The U.S. Department of Education’s Office for Civil Rights has agreed to a resolution with Christian County Public Schools in Kentucky following an investigation that revealed vague and unclear school rules and higher rates of discipine for black students, the federal agency said Friday. In the agreement, the 8,700-student district also agreed to cut back on use of exclusionary discipline policies, like suspension and expulsion.
The federal investigation included a review of four years of disciplinary data, which revealed that most rules in “were open to interpretation and undefined, leaving administrators broad discretion in assigning sanctions.” That left parents and students unsure what sort of discipline to expect and meant schools lacked critical safeguards to ensure that teachers and personnel were applying disciplinary policies in a non-discriminatory way, the Education Department said. From the report:
...[B]lack students were disproportionately overrepresented in referrals for disciplinary action and for assignment at least once to in-school suspension and out-of-school suspension in each of the four school years that OCR reviewed (2008-2009 through 2011-2012). For the period under review, black students were also disproportionately overrepresented in referrals to School Resource Officers (SROs). For example, in school year 2010-2011, black students composed 33.8 percent of the district's enrollment, but represented nearly 65 percent of the students referred to SROs. OCR noted that, although expulsion was rarely assigned by the district, when the district took the extreme step of expelling students, over two-thirds of the expulsions were black students. The investigation also revealed that black students were consistently more likely than white students to be assigned in-school suspension and out-of-school suspension when their first disciplinary referral was for violations that were subjective in nature, such as Deliberate Classroom Disruption, Disorderly Conduct, Failure to Follow Directives, and Profanity/Vulgarity. For example, in school year 2010-2011, black students were nearly 3.5 times more likely than white students to receive out-of-school suspension for Profanity/Vulgarity."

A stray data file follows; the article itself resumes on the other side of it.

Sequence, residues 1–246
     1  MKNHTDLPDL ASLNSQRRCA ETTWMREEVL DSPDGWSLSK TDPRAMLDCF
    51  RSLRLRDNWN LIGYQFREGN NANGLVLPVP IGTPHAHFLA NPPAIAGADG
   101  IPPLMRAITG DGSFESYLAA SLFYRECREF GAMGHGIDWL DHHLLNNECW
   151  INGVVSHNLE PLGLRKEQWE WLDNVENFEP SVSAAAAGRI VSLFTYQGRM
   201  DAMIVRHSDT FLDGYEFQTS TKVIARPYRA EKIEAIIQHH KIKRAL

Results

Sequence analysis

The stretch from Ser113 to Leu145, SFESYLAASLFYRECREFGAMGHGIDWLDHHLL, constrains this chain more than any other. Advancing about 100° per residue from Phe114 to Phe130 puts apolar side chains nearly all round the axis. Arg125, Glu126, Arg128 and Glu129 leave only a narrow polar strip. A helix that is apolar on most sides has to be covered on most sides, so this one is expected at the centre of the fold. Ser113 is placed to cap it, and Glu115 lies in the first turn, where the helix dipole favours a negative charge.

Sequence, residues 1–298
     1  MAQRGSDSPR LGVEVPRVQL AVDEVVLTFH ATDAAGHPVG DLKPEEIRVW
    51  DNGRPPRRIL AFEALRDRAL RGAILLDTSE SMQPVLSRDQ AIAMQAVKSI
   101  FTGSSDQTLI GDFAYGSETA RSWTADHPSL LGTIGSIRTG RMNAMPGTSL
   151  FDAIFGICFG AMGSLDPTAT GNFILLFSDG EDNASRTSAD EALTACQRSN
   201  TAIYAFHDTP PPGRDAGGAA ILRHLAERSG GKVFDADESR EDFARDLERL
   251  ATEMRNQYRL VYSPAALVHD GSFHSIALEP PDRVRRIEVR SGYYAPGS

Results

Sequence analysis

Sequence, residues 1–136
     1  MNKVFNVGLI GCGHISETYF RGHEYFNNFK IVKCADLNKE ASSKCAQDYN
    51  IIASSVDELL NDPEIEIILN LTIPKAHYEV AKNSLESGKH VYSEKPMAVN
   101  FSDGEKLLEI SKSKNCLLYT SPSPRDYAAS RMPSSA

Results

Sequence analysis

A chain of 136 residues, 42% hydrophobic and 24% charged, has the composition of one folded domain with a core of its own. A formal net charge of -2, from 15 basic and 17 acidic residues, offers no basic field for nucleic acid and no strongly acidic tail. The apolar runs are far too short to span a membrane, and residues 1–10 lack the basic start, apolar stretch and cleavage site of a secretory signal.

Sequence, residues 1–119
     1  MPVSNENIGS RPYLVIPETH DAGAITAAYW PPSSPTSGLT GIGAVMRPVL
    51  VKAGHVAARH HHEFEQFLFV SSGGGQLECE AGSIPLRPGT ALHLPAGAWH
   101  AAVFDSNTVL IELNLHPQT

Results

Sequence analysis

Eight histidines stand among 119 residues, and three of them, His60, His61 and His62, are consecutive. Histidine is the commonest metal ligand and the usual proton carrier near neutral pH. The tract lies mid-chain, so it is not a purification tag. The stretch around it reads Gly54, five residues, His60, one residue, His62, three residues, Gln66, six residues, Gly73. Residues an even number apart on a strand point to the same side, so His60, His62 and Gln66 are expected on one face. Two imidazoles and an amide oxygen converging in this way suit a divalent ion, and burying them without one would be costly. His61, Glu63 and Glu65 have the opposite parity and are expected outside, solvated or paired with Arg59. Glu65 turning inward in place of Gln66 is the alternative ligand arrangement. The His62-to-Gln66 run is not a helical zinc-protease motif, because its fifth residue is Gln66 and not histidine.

In the resolution, the district agreed to work to use alternatives to classroom removal in the discipline process; to seek help from experts in adopting strategies to reduce discrimination in school discipline; to provide student support to help prevent poor behavior; to review and revise its policies; to provide training to staff and education for parents; and to improve its data collection so it can better review its discipline practices.
Public school districts are required to abide by Title VI of the U.S. Civil Rights Act of 1964, which prohibits discrimination on the basis of race, color, or national origin by recipients of Federal financial assistance from the U.S. Department of Education.
After unveiling new guidance designed to help school districts meet their obligations under federal civil rights laws in Januuary, U.S. Education Secretary Arne Duncan and Attorney General Eric Holder said they hoped the materials would help more districts to improve their discipline without the need for a federal investigation.
Critics of that guidance have said it strips districts of local control and that federal officials aren’t providing the resources necessary to improve school climate and make such large-scale changes.
A version of this news article first appeared in the Rules for Engagement blog.